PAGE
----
Cannot access TextBox in MainWindow.xaml.cs, which is UserControl

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#1 johnyjj2   User is offline

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Cannot access TextBox in MainWindow.xaml.cs, which is UserControl

Posted 23 March 2013 - 09:55 AM

Hello,

I cannot access TextBox in Mainwindow.xaml.cs, which is part of UserControl.

The error I get:

Quote

Error 1 The name 'MyTextBox' does not exist in the current context H:\Projekty\WpfTest2\WpfTest2\Mainwindow.xaml.cs 26 4 WpfTest2


Mainwindow.xaml

<Window x:Class="WpfTest2.MainWindow"
        xmlns="http://schemas.microsoft.com/winfx/2006/xaml/presentation"
        xmlns:x="http://schemas.microsoft.com/winfx/2006/xaml"
		xmlns:local="clr-namespace:WpfTest2"
        Title="MainWindow" Height="350" Width="525">
    <Grid>
		<Grid.ColumnDefinitions>
			<ColumnDefinition/>
		</Grid.ColumnDefinitions>
		<Grid.RowDefinitions>
			<RowDefinition/>
		</Grid.RowDefinitions>

		<TabControl>
			<TabItem Header="Test scenario" Name="TestScenarioTab">
				<local:TestScenario/>
			</TabItem>
		</TabControl>
	</Grid>
</Window>


TestScenario.xaml

<UserControl x:Class="WpfTest2.TestScenario"
             xmlns="http://schemas.microsoft.com/winfx/2006/xaml/presentation"
             xmlns:x="http://schemas.microsoft.com/winfx/2006/xaml"
             xmlns:mc="http://schemas.openxmlformats.org/markup-compatibility/2006" 
             xmlns:d="http://schemas.microsoft.com/expression/blend/2008" 
             mc:Ignorable="d" 
             d:DesignHeight="300" d:DesignWidth="300">
    <Grid>
		<TextBox Name="MyTextBox">abcd</TextBox>
	</Grid>
</UserControl>


Mainwindow.xaml.cs

using System;
using System.Collections.Generic;
using System.Linq;
using System.Text;
using System.Windows;
using System.Windows.Controls;
using System.Windows.Data;
using System.Windows.Documents;
using System.Windows.Input;
using System.Windows.Media;
using System.Windows.Media.Imaging;
using System.Windows.Navigation;
using System.Windows.Shapes;

namespace WpfTest2
{
	/// <summary>
	/// Interaction logic for Mainwindow.xaml
	/// </summary>
	public partial class MainWindow : Window
	{
		public MainWindow()
		{
			InitializeComponent();

			MyTextBox.Text = "asdf"; // ERROR!
		}
	}
}


How can I access TextBox? Please refer to the project attached (with the same code as above).

Best regards!

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Replies To: Cannot access TextBox in MainWindow.xaml.cs, which is UserControl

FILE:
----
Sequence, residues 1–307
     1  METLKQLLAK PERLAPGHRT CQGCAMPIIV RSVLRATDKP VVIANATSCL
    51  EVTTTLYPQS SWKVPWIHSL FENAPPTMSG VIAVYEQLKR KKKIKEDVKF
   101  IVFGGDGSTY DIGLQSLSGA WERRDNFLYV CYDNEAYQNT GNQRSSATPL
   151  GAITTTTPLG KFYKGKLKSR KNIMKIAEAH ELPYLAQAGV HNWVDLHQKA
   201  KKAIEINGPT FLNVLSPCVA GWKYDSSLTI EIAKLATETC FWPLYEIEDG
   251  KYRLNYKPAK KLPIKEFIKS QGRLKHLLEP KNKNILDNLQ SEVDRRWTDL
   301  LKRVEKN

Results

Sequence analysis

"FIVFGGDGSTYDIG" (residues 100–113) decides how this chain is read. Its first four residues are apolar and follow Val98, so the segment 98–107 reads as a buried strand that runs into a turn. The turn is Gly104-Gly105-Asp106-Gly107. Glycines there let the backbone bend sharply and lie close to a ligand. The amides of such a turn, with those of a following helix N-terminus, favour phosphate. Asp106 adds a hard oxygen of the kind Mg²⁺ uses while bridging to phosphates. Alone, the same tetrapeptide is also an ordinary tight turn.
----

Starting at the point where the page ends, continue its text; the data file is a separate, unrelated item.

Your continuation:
#2 tlhIn`toq   User is offline

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Re: Cannot access TextBox in MainWindow.xaml.cs, which is UserControl

Posted 23 March 2013 - 10:00 AM

You don't. This is a very bad way to do things.

You bind XML gui components to properties. That's the way WPF is meant to work.
So make a property and you can bind as many GUI controls to it as you like.
But for Pete's sake don't do this stuff of directly updating the text like this. Even if it is in your window.
26            MyTextBox.Text = "asdf"; // ERROR!



If you are trying to update a UserControl you DO NOT try to access the GUI components directly. EVER. You update a property of the UserControl. Then let the UserControl take care of its own reaction to that - such as a binding between the property and the TextBox.
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#3 johnyjj2   User is offline

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Re: Cannot access TextBox in MainWindow.xaml.cs, which is UserControl

Posted 23 March 2013 - 10:14 AM

Hello,

thanks for your reply!

How am I supposed to do it? In reality, my problem is a little bit more complex, because I need to use in real project:
dgrNumericalParameters.ItemsSource = myTestClass.NumericalParameters;

Where:

Quote

The name 'dgrNumericalParameters' does not exist in the current context.

And my binding is as follows:
<DataGrid Grid.Row="8" Grid.Column="0" Margin="5" Grid.ColumnSpan="3" Name="dgrNumericalParameters" ItemsSource="{Binding TestScenarioClass}" />


In the test project I try the following:
<TextBox Name="MyTextBox" Text="{Binding Path=MyTextBoxBind}" />

But accessing it is still impossible:
MyTextBoxBind = "asdf"; // ERROR!

Even if I use TestScenario directly:
TestScenario.MyTextBoxBind = "asdf"; // ERROR!


I am rather new to WPF.

Best regards!
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#4 tlhIn`toq   User is offline

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Re: Cannot access TextBox in MainWindow.xaml.cs, which is UserControl

Posted 23 March 2013 - 10:26 AM

It looks like you're rather new to C# too - sorry.
Its not working in your TestScenario case because the access for the GUI control is private not public.